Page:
Legend has it that in ancient times, the Muay Boran period, when contests took place outdoors, this practice also served to assist the fighters in gauging the wind’s direction and placing the sun’s position in the sky. It had a strategic advantage.
It helps fighters connect with their martial arts heritage, their lineage, and the spirits of the art itself. This ritual is a means of invoking a sense of strength, determination, and honor as fighters step into the ring. In modern Muay Thai, the Wai Kru is performed alongside live music.
The Mongkon is a revered element worn by Nak Muay fighters before Muay Thai matches, intimately tied to Thai Buddhism. Its significance lies in its capacity to bestow good fortune, safeguard the wearer during the contest, and instill inner strength. Its historical roots extend for centuries, mirroring the legacy of Thai warriors.
The Pra Jiad, known as Muay Thai armbands, is an element worn by Muay Thai fighters on their biceps during matches. Rooted in Thailand’s heritage, steeped in historical significance, Pra Jiad symbolizes a fighter’s connection to family or gym. These armbands are often blessed by Buddhist monks and, like the Mongkon (headband), must be treated reverently, not touching the ground or being crossed over. They are designed to invoke luck and can be worn during fights.
A Sak Yant tattoo is a sacred and ritualistic tattoo applied and blessed by Buddhist monks. This tattoo is imbued with spiritual significance and is obtained through a ceremonial process that involves a Wai Kru before the tattooing begins.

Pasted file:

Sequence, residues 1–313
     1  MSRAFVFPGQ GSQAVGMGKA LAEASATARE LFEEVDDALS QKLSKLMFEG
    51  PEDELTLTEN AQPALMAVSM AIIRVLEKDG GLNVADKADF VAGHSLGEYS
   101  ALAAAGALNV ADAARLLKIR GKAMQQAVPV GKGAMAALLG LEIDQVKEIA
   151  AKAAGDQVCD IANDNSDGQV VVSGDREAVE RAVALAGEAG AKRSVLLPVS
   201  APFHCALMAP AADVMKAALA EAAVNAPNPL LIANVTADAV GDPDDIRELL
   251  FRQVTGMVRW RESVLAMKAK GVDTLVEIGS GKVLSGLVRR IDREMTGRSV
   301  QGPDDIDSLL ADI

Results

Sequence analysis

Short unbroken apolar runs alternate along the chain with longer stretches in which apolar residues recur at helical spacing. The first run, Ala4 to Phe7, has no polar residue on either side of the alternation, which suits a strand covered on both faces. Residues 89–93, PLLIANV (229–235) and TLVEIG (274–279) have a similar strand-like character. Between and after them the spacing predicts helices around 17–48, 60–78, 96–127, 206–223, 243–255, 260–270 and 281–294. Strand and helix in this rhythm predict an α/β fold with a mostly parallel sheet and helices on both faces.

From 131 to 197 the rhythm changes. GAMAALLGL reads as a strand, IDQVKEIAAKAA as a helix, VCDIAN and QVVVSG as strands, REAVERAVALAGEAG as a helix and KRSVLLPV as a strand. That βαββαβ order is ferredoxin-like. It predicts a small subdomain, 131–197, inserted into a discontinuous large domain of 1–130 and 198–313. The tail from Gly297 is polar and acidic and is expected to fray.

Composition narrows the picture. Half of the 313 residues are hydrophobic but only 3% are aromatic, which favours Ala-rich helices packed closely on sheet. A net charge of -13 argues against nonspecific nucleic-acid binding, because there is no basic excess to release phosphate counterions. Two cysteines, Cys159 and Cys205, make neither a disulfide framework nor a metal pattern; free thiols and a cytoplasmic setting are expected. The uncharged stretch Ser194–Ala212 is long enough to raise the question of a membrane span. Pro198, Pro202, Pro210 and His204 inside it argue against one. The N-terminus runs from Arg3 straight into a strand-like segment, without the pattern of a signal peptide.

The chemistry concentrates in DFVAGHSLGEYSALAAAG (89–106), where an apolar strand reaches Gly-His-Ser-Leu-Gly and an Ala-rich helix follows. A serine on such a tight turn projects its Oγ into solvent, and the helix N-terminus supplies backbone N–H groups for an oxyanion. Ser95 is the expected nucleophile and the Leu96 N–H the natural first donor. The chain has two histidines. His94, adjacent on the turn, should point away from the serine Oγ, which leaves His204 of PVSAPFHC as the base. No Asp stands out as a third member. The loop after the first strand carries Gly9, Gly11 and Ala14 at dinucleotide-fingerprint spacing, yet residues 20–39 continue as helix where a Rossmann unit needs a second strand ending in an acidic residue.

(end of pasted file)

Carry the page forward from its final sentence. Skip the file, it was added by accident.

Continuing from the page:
Followers of Nai Khanom Tom
Nai Khanom Tom still stands as an inspiration for Nak Muays. The ONE Flyweight Muay Thai Wordl Champion ‘The Iron Man’ Rodtang Jitmuangnon, who is a combat sports superstar, discussed his biggest inspirations. He said:
“The legend or someone that I look up to is Nai Khanom Tom, one of the legendary boxers in Thailand, and the other person is Buakaw who inspires me in [Thai] boxing.”
Head trainer at the Fairtex gym, Ajahn Apidej Sit-Hirun explained in an interview how each child in Thailand is taught about the legend of Nai Khanom Tom when they are young. He explained:
“When I was taught history in school, I learned about a Thai boxer named Nai Khanom-Tom. He was a prisoner of war in Burma but when the Burmese found out that he was a Muay Thai fighter, they let him challenge Burmese fighters. Nai Khanom-Tom won and the Burmese released him.”
Nai Khanom Tom’s legacy stands as an enduring testament to the spirit, skill, and resilience of Muay Thai. Through his remarkable victories in the face of adversity, he not only secured his own freedom but also etched his name in the annals of martial arts history. Nai Khanom Tom has inspired generations of fighters.
Timothy Wheaton is a combat sports writer who covers MMA, Kickboxing, and Muay Thai. Tim is the authority on kickboxing and combat sports journalist who has covered K-1, PRIDE FC, UFC, GLORY Kickboxing, Bellator, ONE Championship, and plenty more.